Sadly, there was no further mention of Parkinson’s, or any other patient stories. This seemed like a huge missed opportunity. Insights into who would benefit, and how they could be helped, would have elevated my perception of the technology. Instead of being a passing (if slightly frightening) curiosity, I would have been enthusing about a vital breakthrough. I also believe it could have converted, or at least softened, many other sceptics. So another data presentation technique worth remembering (this time highlighted by its absence) is that people’s stories matter.


      There was another part of the presentation that jarred slightly. Musk’s naturalistic style, relying on his knowledge and charisma rather than notes or prompts, means there are sometimes pauses and even stammers. As one commenter observed, “when you see Musk speak without ever faulting or pausing, you'll know he's been plugged into the system!”. Usually, he gets away with it, but the pauses and stammers around the word ‘safe’ made me wince. When I’m presenting, I prefer to rehearse every part of my delivery. If I have enough time, I like to know word-for-word what I’m going to say, and even how I’m going to say it. If I got flustered over the word ‘safe’ in a presentation where safety is such a key concern, that would knock my confidence and affect everything I did afterwards. We should all play to our strengths and present in the style we are most comfortable withbut I would argue that even if you’ve mastered the ‘shoot-from-the-hip’ approach it could be wise to identify where the key messages appear and rehearse the delivery carefully.


      The next information given is that the implant will be controlled via Bluetooth and a smartphone app. This could be a concern for anyone who’s had an issue with connectivity (which is probably everyone) but the consequences with brain implants could be much more serious than with say, losing your Satnav at a tricky junction. Musk addresses this concern by making a joke of it. Perhaps you can get away with that (to a point) when you’re Elon Musk, but the rest of us should probably seek to address any possible weaknesses and concerns head-on, with openness and honesty.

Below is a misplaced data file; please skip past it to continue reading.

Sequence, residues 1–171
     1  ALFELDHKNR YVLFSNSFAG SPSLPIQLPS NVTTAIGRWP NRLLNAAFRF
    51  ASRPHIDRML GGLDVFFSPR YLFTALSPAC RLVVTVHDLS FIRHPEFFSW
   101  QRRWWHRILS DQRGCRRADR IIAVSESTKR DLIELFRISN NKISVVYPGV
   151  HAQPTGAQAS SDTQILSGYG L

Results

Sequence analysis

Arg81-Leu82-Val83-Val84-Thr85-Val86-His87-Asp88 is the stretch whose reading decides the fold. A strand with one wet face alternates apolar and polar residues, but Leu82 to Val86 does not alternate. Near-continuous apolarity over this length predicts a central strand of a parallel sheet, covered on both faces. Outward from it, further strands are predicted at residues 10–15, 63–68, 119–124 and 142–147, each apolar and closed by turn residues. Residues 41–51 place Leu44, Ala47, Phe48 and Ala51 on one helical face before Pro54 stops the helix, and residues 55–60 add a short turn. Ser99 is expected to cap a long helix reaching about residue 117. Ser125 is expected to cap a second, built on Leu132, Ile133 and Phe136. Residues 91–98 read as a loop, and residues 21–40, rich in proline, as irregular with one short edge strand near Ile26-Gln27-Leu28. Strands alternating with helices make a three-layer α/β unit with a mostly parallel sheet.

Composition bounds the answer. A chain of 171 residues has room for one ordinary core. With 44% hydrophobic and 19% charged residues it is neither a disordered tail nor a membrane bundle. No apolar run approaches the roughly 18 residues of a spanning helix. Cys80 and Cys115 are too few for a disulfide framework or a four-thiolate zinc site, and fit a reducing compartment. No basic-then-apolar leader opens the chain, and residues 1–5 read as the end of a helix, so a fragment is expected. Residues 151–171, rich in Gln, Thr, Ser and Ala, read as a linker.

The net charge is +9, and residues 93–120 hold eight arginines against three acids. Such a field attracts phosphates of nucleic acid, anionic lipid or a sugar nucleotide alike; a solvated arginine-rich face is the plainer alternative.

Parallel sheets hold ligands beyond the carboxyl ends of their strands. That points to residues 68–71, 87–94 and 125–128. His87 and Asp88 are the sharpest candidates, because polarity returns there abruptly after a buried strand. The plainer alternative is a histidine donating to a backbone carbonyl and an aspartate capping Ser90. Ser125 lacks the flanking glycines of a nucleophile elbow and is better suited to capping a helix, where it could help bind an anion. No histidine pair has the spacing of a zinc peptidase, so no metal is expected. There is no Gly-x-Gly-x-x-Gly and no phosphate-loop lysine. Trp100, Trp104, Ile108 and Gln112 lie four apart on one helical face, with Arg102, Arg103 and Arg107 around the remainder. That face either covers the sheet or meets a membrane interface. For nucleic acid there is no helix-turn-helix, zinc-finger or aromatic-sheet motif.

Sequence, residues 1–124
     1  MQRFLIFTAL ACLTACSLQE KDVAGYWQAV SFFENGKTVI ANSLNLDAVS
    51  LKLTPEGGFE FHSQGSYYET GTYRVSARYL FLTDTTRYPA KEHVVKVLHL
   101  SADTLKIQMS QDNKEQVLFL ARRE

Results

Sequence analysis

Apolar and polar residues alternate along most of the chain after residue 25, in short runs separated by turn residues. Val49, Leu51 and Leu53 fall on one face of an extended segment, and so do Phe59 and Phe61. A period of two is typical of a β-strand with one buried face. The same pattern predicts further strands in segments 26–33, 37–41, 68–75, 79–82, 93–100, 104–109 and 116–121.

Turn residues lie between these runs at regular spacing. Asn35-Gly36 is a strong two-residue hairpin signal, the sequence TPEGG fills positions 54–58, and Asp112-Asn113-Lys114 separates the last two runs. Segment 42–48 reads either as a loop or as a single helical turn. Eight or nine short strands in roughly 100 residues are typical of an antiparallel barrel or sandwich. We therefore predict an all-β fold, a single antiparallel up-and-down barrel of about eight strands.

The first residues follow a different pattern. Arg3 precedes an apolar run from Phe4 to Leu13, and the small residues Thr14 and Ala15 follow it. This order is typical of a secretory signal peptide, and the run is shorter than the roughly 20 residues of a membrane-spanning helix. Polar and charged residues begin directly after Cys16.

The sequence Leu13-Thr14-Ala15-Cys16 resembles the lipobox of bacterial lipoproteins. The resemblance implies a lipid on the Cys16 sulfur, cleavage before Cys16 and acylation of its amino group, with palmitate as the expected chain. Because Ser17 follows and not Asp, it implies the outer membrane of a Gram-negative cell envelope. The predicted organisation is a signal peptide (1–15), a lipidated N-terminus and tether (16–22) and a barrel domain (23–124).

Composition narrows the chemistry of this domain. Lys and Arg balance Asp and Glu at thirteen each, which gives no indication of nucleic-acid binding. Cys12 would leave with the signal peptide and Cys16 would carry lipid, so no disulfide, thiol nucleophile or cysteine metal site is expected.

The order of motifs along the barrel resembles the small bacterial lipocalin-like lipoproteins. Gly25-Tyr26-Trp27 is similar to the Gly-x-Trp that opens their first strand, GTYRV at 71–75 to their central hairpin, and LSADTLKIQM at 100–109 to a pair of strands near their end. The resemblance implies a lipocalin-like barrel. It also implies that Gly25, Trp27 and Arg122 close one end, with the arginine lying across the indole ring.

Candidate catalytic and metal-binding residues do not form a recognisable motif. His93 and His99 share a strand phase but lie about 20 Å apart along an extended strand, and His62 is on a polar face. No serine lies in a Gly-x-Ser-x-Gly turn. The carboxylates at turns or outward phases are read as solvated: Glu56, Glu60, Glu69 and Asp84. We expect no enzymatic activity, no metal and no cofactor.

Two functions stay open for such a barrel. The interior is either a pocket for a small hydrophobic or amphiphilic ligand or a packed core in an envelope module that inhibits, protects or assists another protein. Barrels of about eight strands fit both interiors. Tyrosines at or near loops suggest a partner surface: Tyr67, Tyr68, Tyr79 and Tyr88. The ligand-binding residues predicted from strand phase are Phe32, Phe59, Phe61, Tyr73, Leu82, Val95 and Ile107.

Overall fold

Several other presenters followed. Seeing how the implant had evolved, and how design priorities had shifted was reassuring, lending the breakthrough technology an air of maturity. Expanded photographs of implants next to thumbs, and electrode threads dwarfed by human hair, helped us to visualize the scale of the components.


      There is a strong finale: “We think that people will be able to gain naturalistic control over their computers. Not just a mouse, but keyboard, game controllers and other devices”


      “Any movement a person could imagine, running, dancing, even kung-fu”.


      “Restore speech to a paralyzed person who is no longer able to talk”.


      I would have responded much better to this presentation if the paralyzed patient, or a patient with Parkinson’s, had been the stars of the show. To see how these technically brilliant, audacious advances could restore hope to seriously ill people would have been meaningful and persuasive. The idea of people having brain implants to video game, dance and kung-fu their way through life is just scary.


      Talk to us today if you would like to find out how we can help you with your L&D offering!

      Is this article interesting?

      Related posts

      Get in touch